Most people find West Virginia and its wilderness to be foreign territory, and have loads of questions about the area and the river. Some are justifiably curious, with others I have a hard time keeping a straight face. Here are some of the most common questions a guide fields on a daily basis:
1) If someone falls out of the boat, do you just stop and pick them up?
No! We’re in West Virginia on a Mother Nature-made river, not Disney World. Unlike the log flume ride over at Magic Kingdom, there aren’t any tracks under the water.
If someone falls out, we can’t push a “stop” button, so we have to keep floating downstream with the current. If your buddy falls out, grab onto them by the shoulder straps of their Personal Flotation Device (PFD) and haul them back into the boat.
2) The trees around here are so tall! How do you get the ones in the back to grow taller than the ones in the front?
Well, a long time ago, Miracle Grow decided to test several fertilizer formulas in the New River Gorge …. Just kidding!
Don’t forget, you’re in a gorge, so beneath all those trees, there are mountains made out of rock and dirt, thus allowing some trees to be higher, elevation-wise, than others.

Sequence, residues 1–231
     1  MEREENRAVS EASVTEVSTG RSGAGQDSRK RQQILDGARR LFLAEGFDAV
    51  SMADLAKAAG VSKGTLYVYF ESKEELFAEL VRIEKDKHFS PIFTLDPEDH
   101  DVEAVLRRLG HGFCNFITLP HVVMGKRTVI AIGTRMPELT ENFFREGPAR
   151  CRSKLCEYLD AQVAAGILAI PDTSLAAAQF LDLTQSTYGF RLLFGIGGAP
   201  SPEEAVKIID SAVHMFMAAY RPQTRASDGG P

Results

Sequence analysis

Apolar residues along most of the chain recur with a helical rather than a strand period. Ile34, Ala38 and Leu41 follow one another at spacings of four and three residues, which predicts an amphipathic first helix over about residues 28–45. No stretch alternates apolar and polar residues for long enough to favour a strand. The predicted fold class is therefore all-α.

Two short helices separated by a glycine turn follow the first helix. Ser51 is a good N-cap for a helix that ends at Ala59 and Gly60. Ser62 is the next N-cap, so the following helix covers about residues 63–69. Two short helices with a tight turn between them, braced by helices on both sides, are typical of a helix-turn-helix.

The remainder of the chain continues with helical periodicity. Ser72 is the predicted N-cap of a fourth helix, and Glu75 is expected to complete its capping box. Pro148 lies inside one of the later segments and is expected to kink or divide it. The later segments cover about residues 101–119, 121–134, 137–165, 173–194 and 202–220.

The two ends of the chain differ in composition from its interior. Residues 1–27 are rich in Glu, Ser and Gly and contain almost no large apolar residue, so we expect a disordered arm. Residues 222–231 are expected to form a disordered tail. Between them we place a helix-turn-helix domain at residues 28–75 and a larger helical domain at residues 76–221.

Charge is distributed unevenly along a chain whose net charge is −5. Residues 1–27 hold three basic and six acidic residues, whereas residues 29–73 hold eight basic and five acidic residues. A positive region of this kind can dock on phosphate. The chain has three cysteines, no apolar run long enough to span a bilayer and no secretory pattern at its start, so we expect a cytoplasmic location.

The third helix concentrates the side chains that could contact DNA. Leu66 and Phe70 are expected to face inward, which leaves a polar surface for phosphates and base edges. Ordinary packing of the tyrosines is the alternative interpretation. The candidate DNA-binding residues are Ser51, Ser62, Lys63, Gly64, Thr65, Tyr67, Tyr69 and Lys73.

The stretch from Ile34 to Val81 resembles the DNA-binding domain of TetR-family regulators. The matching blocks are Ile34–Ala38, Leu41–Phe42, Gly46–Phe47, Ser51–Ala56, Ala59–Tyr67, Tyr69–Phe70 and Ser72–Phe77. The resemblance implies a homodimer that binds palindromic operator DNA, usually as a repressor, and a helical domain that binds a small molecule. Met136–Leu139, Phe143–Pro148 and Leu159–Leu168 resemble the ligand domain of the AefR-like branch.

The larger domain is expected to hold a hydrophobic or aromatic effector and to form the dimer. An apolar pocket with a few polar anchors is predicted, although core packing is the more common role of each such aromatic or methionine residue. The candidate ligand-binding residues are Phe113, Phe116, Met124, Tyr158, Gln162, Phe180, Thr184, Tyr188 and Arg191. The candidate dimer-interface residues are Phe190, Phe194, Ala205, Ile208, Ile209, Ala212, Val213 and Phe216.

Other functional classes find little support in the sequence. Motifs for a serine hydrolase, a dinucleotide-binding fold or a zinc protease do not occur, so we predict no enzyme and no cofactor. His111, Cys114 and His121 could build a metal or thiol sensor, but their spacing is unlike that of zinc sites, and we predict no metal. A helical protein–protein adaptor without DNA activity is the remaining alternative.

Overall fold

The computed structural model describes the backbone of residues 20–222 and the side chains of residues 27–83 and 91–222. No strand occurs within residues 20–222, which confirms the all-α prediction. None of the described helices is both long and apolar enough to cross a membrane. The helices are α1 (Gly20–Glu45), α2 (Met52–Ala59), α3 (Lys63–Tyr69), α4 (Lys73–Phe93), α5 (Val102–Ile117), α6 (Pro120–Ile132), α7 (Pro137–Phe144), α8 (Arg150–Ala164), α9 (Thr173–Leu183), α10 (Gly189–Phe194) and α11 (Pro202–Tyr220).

3) Do you move the rocks around in the winter to switch up the rapids and keep the guides from getting bored?
The boulders along the river are all real, meaning those huge, house-size rocks weigh several thousand pounds, making them virtually impossible to move without the help of explosives and large cranes (or river guides who are super bored and want to work on a 22-1 Z-drag rescue setup).
As for getting bored, never! The river is like the stock market; the same elements are there every day, but their levels change all the time.
At different water levels, certain routes through the rapids are available. One day a raft can paddle through a wave, and the next it turns into a stiff “guide-ejector” hit where the guide goes flying over the nose of the boat.
4) Will we take out at the same place we put in?
The “put in” is where we begin our rafting trip, whereas the “take out” is where we end our rafting trip. To answer the question, “Do we take out the same place we put in?” we must first look at what makes a river.
Wikipedia, world renowned source for lazy researchers, defines a river as “a natural watercourse … flowing toward an ocean, lake, a sea or another river …. Rivers flow downhill from river source to river mouth.” When you raft at ACE, you are rafting the New or Gauley River, not the New or Gauley Lake.
By definition, we are following the course of the river as it flows downhill through the Gorge. Thus, we “take out” our rafts several miles downstream from where we “put in.” Unless you meant the question in a metaphysical sense, the answer is still “no.”